In preparation for ‘Making Tax Digital for Income Tax Self-Assessment’, the method of taxing your ‘sole trade’ profit or ‘share of partnership’ profit has significantly changed.

Using an accounting date of 31 December as an example:

  • a ‘sole trade’ or ‘share of partnership’ profit was taxed in line with the accounting date ending in a tax year (e.g. the accounting year ended 31.12.2022 was the last year to be taxed under the old basis, in 2022/23)
  • under the new rules, profits taxed in 2024/25 will be your results from 6 April 2024 and 5 April 2025 (i.e. 9 months of profits from year ending 31 December 2024 plus 3 months of profits from the year ending 31 December 2025 – which will mean estimating your profits for the year ending 31 December 2025 as your 2024/25 Tax Return will need to be submitted by 31 January 2026!)
    • You will also need to make an estimated tax payment on 31 January 2026 and amend it later, when the accounts have been prepared.  All this will probably have an adverse effect on your cashflow.  

Cash accounting is now the default method for sole traders and partnerships. 2024/25 could be subject to more transitional rules to ensure that income and expenses are not included twice or omitted.  Remember, you can opt into UK GAAP and adjust for accruals, prepayments and other differences. 

As a result of the above complications, many businesses have decided to prepare their accounts to either 31 March or 5 April to correspond with the tax year.

But what about your 2023/24 Tax Return? 2023/24 is “The Transitional Year”.

From 2023/24 tax year onwards, your taxable profits will be taxed on a ‘tax year’ basis under the new basis period reform rules. If your accounting date is not 31 March 2024 or 5 April 2024 it is very likely that you’ll be taxed on more than 12 months of profit and will face a higher tax bill.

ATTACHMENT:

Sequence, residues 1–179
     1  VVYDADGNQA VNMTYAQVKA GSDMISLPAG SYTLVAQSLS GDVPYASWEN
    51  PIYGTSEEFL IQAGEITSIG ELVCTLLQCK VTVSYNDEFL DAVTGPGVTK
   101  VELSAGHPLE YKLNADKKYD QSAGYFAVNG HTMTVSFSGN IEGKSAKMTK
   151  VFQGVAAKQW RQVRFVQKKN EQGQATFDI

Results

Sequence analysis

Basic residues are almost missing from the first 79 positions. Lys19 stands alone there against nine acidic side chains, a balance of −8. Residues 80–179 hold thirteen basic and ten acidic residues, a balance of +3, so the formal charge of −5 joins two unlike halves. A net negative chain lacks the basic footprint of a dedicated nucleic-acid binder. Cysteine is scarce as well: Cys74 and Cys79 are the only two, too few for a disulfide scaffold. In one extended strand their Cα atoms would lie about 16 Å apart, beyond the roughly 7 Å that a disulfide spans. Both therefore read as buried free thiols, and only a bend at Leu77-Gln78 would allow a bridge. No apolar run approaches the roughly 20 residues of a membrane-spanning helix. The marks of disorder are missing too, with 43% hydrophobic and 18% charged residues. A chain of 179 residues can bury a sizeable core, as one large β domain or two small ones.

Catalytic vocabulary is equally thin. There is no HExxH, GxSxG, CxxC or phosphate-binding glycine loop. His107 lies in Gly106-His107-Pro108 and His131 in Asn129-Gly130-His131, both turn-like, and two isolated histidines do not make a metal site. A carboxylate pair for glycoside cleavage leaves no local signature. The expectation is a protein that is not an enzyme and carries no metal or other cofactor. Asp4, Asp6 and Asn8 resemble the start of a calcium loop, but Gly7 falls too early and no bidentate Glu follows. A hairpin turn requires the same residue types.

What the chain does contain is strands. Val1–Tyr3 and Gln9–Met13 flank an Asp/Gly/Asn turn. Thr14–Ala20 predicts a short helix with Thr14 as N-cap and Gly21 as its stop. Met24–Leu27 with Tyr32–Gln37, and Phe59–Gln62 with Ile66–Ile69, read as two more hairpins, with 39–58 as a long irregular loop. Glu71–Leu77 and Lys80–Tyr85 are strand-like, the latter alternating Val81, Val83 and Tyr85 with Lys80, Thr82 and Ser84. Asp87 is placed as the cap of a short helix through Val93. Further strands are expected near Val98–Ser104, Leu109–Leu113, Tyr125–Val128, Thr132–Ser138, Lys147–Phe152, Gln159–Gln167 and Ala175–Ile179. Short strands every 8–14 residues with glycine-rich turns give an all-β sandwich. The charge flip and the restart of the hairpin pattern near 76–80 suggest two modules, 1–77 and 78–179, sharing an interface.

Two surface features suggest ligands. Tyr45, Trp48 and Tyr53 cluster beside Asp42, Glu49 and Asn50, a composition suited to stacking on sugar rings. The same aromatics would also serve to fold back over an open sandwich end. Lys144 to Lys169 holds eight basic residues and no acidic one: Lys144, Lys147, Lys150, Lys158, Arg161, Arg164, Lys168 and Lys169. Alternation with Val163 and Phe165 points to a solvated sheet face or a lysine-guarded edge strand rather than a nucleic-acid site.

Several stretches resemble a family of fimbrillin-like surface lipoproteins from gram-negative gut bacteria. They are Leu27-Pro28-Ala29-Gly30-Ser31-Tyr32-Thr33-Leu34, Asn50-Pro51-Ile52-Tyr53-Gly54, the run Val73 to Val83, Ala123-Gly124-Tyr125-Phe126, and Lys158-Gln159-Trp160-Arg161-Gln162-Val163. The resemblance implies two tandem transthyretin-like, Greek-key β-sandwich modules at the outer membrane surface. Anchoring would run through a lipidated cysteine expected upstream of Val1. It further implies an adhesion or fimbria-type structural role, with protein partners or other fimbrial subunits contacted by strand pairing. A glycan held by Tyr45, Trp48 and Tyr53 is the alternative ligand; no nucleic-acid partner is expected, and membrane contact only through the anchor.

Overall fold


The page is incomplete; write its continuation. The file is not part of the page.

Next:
However, if you were taxed twice when you commenced your business, altered your accounting date, or your business commenced trading prior to April 1997 it is likely that you’ll have ‘overlap’ profit which can be deducted from the additional amount of profit taxed in 2023/24.  The remainder of the additional profit can be spread equally over 5 years (2023/24 to 2027/28 inclusive) – unless you elect to be taxed in a different way, if it is more beneficial to you.  This is not straightforward and could ultimately increase your overall tax bill, as additional profit could cause you to lose your Personal Allowance. It is worth thinking about whether it be more beneficial to pay tax on more now rather than later.

To conclude …

These changes will eventually simplify and modernise our tax system.  In the meantime, the transitional year (2023/24) and the spreading of the additional profits over the next four years will need careful thought.  If you would like to discuss how your profits will be taxed in 2023/24 and beyond, how much overlap relief you can claim, changing your accounting date or just keeping matters simple with cash accounting, call CKLG on 01223 810100 for friendly help and advice.